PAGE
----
Ramsay Hunt Syndrome

Timothy C. Hain, MD, Chicago IL. • Page last modified: July 23, 2022

Ramsay Hunt syndrome is an acquired paralysis of the face (Bells Palsy) specifically caused by a varicella-zoster virus (VSV) infection of the facial nerve. Often the virus mainly attacks the geniculate ganglion (Wackym 1997) . The symptoms on the affected side typically include facial weakness, a painful herpes type skin eruption on the pinna of the ear, and there is frequently vestibulo-cochlear disturbance (i.e. there may be dizziness or a disturbance of hearing). The latter symptoms are due to involvement of the 8th cranial nerve, which runs with the 7th nerve and the nervus intermedius (a sensory nerve) together in the internal auditory canal. MRI scans often show enhancement of the superior vestibular nerve (Iwasaki et al, 2013). Other cranial nerves can be involved as well.(Xanthopoulos, Noussios et al. 2002), and the virus can also affect the brainstem ( Sartoretti-Schefer, Kollias et al. 1999)

In 2022, Ramsay-Hunt afflicted a Pop Star, Justin Bieber. Justin wrote to Instagram saying "Hey everyone. Justin here. I wanted to update you guys on what's been going on. Obviously, as you can probably see from my face, I have this syndrome called Ramsay Hunt syndrome [RHS], and it is from this virus that attacks the nerve in my ear and my facial nerves and has caused my face to have paralysis." He then demonstrated how he was unable to blink his right eye, wiggle his nose, or smile on the right side of his face. Justin was describing the damage to the facial nerve.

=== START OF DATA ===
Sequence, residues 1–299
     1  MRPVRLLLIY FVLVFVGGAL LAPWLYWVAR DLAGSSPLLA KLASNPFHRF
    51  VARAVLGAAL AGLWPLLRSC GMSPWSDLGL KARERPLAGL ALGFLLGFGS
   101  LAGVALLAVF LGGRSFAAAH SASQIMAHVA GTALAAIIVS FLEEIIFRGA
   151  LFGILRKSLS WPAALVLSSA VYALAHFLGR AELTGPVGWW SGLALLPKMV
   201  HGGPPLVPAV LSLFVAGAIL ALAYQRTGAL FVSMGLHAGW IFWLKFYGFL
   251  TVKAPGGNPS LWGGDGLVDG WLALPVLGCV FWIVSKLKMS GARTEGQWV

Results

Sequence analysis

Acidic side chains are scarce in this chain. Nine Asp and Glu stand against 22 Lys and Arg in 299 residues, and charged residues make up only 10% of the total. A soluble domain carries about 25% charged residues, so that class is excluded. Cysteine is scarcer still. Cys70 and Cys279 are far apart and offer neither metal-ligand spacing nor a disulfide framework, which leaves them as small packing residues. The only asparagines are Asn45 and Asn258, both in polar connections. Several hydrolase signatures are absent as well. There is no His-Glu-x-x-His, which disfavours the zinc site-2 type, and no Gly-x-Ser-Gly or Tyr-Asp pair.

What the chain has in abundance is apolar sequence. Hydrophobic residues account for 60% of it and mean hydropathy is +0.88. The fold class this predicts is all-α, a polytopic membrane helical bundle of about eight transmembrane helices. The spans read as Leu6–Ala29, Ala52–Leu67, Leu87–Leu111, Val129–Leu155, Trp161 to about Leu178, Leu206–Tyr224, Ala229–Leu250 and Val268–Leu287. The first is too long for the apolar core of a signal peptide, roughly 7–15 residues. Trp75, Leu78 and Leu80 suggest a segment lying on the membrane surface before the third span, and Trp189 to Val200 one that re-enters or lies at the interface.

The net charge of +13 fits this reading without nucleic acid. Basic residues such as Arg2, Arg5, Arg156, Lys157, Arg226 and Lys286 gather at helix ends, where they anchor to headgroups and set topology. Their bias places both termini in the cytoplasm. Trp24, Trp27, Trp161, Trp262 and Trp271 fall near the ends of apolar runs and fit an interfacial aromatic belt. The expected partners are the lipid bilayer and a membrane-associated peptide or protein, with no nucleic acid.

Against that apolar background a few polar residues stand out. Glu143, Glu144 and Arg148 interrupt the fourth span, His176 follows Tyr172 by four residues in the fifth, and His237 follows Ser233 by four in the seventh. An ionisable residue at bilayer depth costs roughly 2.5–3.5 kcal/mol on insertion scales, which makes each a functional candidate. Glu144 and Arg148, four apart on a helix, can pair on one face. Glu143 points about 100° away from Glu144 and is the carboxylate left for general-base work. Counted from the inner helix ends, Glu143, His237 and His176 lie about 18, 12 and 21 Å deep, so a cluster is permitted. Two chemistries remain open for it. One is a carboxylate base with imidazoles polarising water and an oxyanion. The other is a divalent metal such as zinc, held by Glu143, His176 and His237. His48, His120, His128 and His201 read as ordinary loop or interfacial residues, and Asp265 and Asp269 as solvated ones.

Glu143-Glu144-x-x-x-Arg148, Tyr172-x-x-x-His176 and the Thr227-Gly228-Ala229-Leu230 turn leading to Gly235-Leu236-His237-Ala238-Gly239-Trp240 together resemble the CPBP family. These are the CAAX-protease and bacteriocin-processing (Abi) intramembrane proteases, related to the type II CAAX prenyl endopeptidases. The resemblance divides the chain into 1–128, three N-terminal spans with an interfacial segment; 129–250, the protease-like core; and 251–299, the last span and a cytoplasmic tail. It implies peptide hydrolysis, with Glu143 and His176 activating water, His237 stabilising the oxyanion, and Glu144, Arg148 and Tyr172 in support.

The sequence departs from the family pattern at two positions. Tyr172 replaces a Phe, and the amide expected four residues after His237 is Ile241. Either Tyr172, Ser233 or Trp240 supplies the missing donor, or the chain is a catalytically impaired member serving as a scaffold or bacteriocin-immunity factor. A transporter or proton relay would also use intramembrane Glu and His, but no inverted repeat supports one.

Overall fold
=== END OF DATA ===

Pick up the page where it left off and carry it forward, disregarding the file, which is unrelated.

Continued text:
Patients with Ramsay Hunt often develop very severe vestibular problems -- it is common for them to lose 100% of their vestibular function.

VEMP testing may be abnormal in Ramsay Hunt. The oVEMP which assesses the superior vestibular nerve is usually out. The cVEMP, which assesses the inferior vestibular nerve is damaged in more severe cases.

About 5/100,000 persons per year develop Ramsay Hunt. It is the second most common cause of acute peripheral facial paralysis.


Considering treatment, first one follows the usual procedures for a severe Bells palsy. Patients with zoster (Ramsay Hunt) do substantially worse than patients with idiopathic Bells Palsy (Pietersen, 2002). Total recovery of facial movement occurs in about 50% of treated patients. If hearing is affected (about 1/3), complete hearing recovery occurs in about half.

Additionally, prednisone treatment and antiviral treatment, namely acylovir, are now recommended (De Ru and van Benthem, 2011). Either 750 mg of intravenous acyclovir/day or 4000 mg of oral medication is equally effective. Hearing recovery tends to be best in patients treated within 3 days of onset with acyclovir/Prednisone. Most authors have found that only 5% of persons with Ramsay Hunt have residual hearing loss.

Surgical treatment, including facial nerve decompression, is rarely a good idea for Ramsay Hunt.



Movie of Bell's phenomenon -- in the first half, looking at the paralyzed side, eye blinks are weak and the eye rolls up. On the second half, looking at the normal side, blinks are brisk and no eye rolling is seen. This movie was obtained from a patient who had Ramsay Hunt syndrome.